I had to chuckle when I heard a “survivalist” say that he’d like to see the collapse of society so that he could start over from scratch. Really? Why would someone sitting behind a computer, driving a truck, and buying what he needs at the local grocery store want things to fall apart? Though such persons are usually clueless as to what it actually takes to start a society “from scratch,” such sentiments do reveal a deep discontent with our current state of affairs.
History is full of folks who attempted to create a breakaway society, usually in search of a better, more idealistic, maybe even utopian, way of life. That’s how our American experiment began, at the expense of the Native Americans. This is how and why the Amish live they way they do, and persevere despite the ridicule of their neighbors.
Hippies of the 1960s and ‘70s also tried to create separate communities, “communes,” where they could farm, dance and sing, and attempt to put into practice whatever religion and politics they developed. Let’s examine the hippies.
A few years ago, I had the opportunity to interview Vine Deloria, Jr., for Wilderness Way magazine. Deloria was named by Time magazine as one of the greatest religious thinkers of the 20th century. Among his approximately two dozen books, he wrote God is Red, which Wilma Mankiller (former Principal Chief of the Cherokee Nation) called “the flagship book of Native American spirituality.” (Deloria passed away at age 72 in November of 2005).
Among other things, I spoke with Deloria about how hippies presumed to imitate Native Americans in both look and practices.
The reason that the hippie movement failed, Deloria told me, was not just because of drug use, though that was a significant factor. Hippies failed, said Deloria, because they failed to grasp the value of organizing tribally, and they ignored the value of customs. “I think they failed for lack of discipline and lack of commitment,” he said. “People tried to create communities from scratch and it didn’t work. People were sincere, but they often lacked anything in common except a rebellious spirit. And in fact, a lot of Indian communities today have the very same problem. Extreme individualism is chaos and unjust to everyone.”
Deloria also blames television and popular media for presenting a false picture of what traditional Indian culture was and is all about, so those who do sincerely try to pursue that end up pursuing a counterfeit.
“In the world of ideas,” continues Deloria, “Indian culture becomes a kind of deli where people pick and choose what they want to practice. Much of the appropriation is the projection of wishful thinking on different Indian symbols, such as the vision quest, sweat lodge, using the pipe, etc. My fear was that with so many Indians living in the cities with no experience with reservation communities, some of them would begin to think that the frauds actually represented the true tribal cultures. I can remember how popular the Billy Jack movies were and many Indian youths thought the ‘ceremonies’ in that movie were what people actually did. A lot of it sounded good to people who knew nothing about Indian culture. And simply being an Indian in the urban area does not somehow magically mean you know anything of the traditional tribal culture.”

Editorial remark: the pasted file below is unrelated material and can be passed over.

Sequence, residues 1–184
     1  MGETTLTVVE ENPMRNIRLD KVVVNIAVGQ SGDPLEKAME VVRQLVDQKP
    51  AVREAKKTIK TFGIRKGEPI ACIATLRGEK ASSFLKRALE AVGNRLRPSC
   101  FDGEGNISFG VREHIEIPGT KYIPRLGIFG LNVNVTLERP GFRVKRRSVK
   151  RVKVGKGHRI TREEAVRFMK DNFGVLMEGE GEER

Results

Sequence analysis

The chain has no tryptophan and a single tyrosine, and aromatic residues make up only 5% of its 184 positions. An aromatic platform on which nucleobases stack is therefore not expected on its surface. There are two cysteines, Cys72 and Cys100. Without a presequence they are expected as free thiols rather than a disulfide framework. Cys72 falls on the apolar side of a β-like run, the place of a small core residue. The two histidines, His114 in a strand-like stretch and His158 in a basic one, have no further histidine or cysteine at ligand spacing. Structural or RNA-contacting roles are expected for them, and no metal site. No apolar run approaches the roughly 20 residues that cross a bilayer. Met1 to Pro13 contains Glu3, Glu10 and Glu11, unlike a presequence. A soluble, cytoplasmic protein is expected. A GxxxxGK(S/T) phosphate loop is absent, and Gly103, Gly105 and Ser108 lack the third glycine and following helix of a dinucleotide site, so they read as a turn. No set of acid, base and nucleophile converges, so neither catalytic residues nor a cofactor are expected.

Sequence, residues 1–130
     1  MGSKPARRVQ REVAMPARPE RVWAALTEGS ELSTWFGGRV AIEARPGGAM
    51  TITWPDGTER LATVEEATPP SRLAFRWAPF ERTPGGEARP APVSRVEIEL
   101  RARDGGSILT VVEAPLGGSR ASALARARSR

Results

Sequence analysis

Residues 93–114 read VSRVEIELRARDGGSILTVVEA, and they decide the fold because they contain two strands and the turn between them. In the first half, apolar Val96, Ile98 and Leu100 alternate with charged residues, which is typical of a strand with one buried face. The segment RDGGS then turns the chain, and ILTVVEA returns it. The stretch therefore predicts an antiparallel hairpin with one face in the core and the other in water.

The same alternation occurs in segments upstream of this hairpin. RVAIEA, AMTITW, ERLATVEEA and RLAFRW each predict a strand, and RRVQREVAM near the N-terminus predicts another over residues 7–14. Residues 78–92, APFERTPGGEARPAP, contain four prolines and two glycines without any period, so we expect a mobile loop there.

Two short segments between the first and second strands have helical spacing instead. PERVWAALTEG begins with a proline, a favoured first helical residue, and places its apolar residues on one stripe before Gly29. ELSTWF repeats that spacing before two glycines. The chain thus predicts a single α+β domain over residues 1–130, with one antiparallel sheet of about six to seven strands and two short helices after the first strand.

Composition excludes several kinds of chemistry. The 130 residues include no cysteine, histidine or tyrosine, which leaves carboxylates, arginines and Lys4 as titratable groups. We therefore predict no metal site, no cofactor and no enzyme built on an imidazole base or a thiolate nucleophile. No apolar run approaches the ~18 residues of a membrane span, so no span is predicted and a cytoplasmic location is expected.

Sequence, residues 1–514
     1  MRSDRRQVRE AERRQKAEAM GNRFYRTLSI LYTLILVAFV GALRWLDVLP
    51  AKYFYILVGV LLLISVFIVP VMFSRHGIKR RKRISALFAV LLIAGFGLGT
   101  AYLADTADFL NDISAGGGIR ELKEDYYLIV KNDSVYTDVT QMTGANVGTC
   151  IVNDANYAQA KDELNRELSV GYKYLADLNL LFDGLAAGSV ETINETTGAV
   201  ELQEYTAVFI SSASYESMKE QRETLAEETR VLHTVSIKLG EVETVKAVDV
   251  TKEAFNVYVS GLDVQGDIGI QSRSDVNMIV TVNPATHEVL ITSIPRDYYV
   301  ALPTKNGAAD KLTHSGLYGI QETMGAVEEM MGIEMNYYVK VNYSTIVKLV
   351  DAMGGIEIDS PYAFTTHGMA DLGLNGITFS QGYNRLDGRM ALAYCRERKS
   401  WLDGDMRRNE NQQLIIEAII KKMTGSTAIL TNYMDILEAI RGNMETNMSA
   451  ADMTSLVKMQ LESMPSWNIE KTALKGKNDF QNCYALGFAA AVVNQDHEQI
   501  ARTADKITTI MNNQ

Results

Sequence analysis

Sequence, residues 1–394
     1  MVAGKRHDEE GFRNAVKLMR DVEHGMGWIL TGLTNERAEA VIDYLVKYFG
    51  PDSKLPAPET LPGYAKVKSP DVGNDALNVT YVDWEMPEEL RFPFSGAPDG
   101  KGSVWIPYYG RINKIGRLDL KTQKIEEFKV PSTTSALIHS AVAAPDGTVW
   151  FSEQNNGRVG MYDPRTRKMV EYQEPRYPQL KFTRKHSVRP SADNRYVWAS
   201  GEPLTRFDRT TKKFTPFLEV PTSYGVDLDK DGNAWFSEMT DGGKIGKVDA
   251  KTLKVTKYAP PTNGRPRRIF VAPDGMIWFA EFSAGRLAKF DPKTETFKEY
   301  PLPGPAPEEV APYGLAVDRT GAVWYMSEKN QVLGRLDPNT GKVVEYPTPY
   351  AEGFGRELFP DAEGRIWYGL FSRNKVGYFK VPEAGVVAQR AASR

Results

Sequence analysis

It was an insightful interview with Deloria on a variety of topics where he shared — if you read between the lines — how to succeed at making a meaningful community, based upon following certain patterns from the past.
Unfortunately, the interview was never published in Wilderness Way because the owner/publisher told me, “It might offend Christian readers.”
“How on earth would they be offended?” I challenged.
“Because his book is called God is Red,” said the publisher.
I was shocked at his narrow-mindedness, and suggested that he read such books as The Pipe and Christ, or Joseph Epes Brown’s The Sacred Pipe to see that there is less dichotomy between pure tribal religion and pure Christianity than meets the eye. This is not to imply that Deloria did not criticize Christianity. He certainly did, but Deloria was an “equal opportunity” criticizer, criticizing what he saw wrong in both Native American practices, Christianity, and elsewhere.
For example, he harshly criticized televangelists such as Oral Roberts who once told his followers that he needed about $10 million for his new building or “God would take me home.” He analogized televangelists to mainstream Christianity as the travelling pop shaman to traditional tribal religion.
“Except the televangelists are much worse,” he explained. “They thirst for political power whereas the medicine men, even the phoneys, simply want some public recognition and status.”
There is no shortage of guidelines from the past or present for “the right ways to live.” It is silly to think that everything must be destroyed in order to create a higher and better way of life.
Deloria brought up just a few of the principles that anyone can work to put into practice: Discipline, organizing within a community of like-minded people, and valuing your traditions and customs.
Additionally, whenever anyone brings up “The Old Ways,” it usually refers to such things as valuing family, home, respect for elders, respect for your surroundings, cooperation with others, and the ability to adapt.
Anyone wishing to seek the meaning of Real Survival cannot go wrong by beginning to apply these simple principles into your daily life.
Nyerges can be reached at Box 41834, Eagle Rock, CA 90041, or his website. He is the author of 10 books, and leads wilderness outings. Nyerges was the editor of Wilderness Way magazine for 7 years, and he currently airs a weekly podcast, Weekly Report, on Preparedness Radio Network.
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